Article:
Response to Premier's Announcement of Third Lockdown
12 February 2021
Today’s announcement by the Premier of a third lockdown is a devastating blow to Victorian communities and businesses, including those on the Mornington Peninsula.
The Committee for Mornington Peninsula acknowledges the health risk to those Melbournians who are currently infected with the UK-strain of COVID-19.
The Committee acknowledges the mental health impacts and financial strain that this directive places on Victorians now facing further isolation, interrupted trading and cancelled plans.
Committee for Mornington Peninsula Executive Officer Briony Hutton said, “This third lockdown will be another setback for Mornington Peninsula businesses that are just now catching up with trade after last year’s 111-day lockdown, which saw so many local businesses go backward or out of business.”
“Our local retail, hospitality, tourism, weddings and events industries will once again be forced to halt trade over a bumper Valentine’s Day weekend, which would ordinarily see Mornington Peninsula shops, restaurants and wineries full,” Ms Hutton said.
Members of the Committee for Mornington Peninsula have expressed their concern about the impacts that today’s announcement will have on their businesses, including Greg O’Donoghue, owner of popular hospitality venue, Green Olive at Red Hill.
“This weekend being Valentine’s Day and the re-launch of all our food and wine experiences at the farm has been completely wiped out with less than ten hours’ notice. Again we lay off all our staff until further notice, apologise to customers, throw away food and take yet again a significant financial hit,” Mr O’Donoghue said.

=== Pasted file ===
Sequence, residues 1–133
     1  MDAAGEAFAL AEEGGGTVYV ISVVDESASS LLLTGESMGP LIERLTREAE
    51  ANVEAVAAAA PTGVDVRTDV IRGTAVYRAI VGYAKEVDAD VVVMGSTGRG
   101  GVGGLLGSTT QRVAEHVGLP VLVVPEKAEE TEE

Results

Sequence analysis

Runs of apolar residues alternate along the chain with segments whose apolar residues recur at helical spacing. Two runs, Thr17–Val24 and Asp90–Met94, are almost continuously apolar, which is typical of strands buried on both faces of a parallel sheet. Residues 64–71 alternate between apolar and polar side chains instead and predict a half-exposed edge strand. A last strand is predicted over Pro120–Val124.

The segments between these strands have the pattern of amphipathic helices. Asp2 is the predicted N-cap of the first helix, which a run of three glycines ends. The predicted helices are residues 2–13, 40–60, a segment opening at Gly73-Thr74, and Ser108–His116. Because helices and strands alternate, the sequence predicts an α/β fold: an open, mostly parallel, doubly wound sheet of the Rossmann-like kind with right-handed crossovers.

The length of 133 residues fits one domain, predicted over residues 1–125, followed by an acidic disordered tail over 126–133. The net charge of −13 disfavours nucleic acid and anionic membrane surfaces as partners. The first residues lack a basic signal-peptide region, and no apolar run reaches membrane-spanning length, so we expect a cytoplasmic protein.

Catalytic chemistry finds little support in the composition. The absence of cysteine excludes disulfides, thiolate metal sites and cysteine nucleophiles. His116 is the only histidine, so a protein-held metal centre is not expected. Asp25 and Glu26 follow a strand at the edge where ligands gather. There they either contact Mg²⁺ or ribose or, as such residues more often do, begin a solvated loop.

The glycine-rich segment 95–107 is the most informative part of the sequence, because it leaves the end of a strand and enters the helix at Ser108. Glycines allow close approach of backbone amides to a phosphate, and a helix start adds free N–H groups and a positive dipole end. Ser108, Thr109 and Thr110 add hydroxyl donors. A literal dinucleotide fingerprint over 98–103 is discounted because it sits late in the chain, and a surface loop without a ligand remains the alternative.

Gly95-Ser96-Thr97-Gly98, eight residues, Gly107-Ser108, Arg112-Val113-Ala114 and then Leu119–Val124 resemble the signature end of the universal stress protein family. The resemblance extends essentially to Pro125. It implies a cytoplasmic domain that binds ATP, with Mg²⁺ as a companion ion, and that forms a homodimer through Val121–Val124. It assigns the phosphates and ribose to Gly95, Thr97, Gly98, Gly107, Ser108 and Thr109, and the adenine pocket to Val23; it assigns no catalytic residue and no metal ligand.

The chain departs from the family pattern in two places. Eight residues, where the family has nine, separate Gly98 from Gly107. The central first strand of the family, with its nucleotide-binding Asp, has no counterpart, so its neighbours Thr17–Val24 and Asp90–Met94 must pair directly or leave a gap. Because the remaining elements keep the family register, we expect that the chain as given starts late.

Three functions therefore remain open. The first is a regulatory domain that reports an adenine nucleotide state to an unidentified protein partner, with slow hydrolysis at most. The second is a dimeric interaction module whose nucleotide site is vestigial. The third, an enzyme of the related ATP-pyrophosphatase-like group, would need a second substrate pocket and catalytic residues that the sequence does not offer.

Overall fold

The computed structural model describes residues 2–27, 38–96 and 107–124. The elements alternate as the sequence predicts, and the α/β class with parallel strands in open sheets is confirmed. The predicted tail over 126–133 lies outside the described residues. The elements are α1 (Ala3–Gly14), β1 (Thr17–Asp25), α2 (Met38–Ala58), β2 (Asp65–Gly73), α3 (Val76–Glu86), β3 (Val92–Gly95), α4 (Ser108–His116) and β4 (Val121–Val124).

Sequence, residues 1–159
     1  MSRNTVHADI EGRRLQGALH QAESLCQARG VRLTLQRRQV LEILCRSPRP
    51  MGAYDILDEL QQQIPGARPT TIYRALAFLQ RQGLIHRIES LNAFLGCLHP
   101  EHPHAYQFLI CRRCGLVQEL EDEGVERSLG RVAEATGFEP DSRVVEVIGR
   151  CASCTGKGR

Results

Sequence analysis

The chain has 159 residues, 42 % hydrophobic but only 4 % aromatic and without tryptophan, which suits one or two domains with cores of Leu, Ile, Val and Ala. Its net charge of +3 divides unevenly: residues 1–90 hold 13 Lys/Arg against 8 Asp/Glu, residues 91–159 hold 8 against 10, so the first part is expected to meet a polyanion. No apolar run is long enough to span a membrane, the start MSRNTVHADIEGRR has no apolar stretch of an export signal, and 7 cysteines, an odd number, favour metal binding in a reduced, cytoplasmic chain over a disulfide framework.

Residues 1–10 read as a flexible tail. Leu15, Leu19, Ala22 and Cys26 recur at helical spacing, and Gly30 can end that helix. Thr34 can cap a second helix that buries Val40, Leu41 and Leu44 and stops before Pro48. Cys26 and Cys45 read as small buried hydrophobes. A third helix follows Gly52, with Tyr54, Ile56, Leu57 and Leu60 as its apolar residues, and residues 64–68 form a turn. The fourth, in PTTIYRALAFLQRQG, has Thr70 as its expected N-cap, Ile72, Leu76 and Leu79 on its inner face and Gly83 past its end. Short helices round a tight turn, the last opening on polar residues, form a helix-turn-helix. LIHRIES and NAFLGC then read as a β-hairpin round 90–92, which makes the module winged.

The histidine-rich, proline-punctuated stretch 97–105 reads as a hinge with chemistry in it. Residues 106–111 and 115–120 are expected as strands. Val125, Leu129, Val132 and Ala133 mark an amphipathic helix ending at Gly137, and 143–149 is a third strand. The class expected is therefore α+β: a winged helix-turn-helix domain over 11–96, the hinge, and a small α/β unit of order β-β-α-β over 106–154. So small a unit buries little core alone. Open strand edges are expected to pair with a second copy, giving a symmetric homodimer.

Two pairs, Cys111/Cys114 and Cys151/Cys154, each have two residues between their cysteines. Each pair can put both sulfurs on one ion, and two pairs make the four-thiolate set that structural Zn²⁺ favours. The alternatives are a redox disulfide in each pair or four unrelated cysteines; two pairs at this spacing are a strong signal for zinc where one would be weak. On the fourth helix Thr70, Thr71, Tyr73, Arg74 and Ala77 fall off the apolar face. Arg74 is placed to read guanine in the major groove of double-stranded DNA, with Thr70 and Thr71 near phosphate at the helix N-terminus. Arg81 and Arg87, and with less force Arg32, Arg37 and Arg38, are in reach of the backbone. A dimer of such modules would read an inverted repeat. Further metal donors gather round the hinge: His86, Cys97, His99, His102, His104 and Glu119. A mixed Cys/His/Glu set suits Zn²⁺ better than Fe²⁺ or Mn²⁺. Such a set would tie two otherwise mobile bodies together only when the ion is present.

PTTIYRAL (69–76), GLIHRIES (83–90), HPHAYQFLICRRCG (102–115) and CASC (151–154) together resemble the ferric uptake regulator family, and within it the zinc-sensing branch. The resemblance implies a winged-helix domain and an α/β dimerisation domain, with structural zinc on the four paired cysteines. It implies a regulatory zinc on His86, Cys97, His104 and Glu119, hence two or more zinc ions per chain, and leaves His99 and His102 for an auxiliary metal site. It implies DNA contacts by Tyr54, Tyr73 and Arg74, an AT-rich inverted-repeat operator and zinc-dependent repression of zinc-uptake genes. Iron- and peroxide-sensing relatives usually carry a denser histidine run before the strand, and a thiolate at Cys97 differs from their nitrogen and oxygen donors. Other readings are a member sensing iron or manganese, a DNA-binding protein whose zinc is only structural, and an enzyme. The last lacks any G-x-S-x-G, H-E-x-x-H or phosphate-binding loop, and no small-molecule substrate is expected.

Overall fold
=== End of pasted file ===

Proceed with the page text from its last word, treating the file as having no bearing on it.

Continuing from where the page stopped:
Another Mornington Peninsula trader expressed their disappointment in having $25,000 of food in their cool room, ready for the Valentine’s Day weekend of events, now all cancelled.
Last year, the Mornington Peninsula was included in the metropolitan Melbourne lockdown, despite having no active cases at the time, which effectively halted the tourism and hospitality sectors, which are so crucial to our local economy.
The extended lockdown also saw a prolonged escalation of poor mental health outcomes, particularly among young people, and disproportionate job losses on the Peninsula.
According to a survey conducted by the Mornington Peninsula Shire Council, 44 per cent of local businesses lost at least 50 per cent of their revenue in 2020, 23 per cent had lost at least half of their staff and 5,900 jobs were lost.
The Committee for Mornington Peninsula is hopeful that the Victorian Government’s hotel quarantine and contact-tracing systems are up to the task of managing this outbreak of the UK-variant, so that this five-day lockdown doesn’t morph into another extended lockdown period.
“The Committee for Mornington Peninsula hopes that this lockdown will be the “short and sharp circuit-breaker” that it was announced to be, so that local businesses can get back on the road to recovery for Labour Day long-weekend and Easter holiday trading, and families and friends can be reunited,” Ms Hutton said.
The Committee notes the Premier’s comments today that if the lockdown were to last longer than the announced five days, the Victorian Government would once again separate metropolitan Melbourne from regional Victoria.
“Should the lockdown be extended, the Committee’s continuing position will be for the Mornington Peninsula to be classified as regional for the purposes of public health orders, provided that there are no local outbreaks of COVID-19,” Ms Hutton said.
The Committee notes that at this stage, there are no reported confirmed cases of COVID-19 on the Mornington Peninsula.
Briony Hutton | 0468 308 696 | email@example.com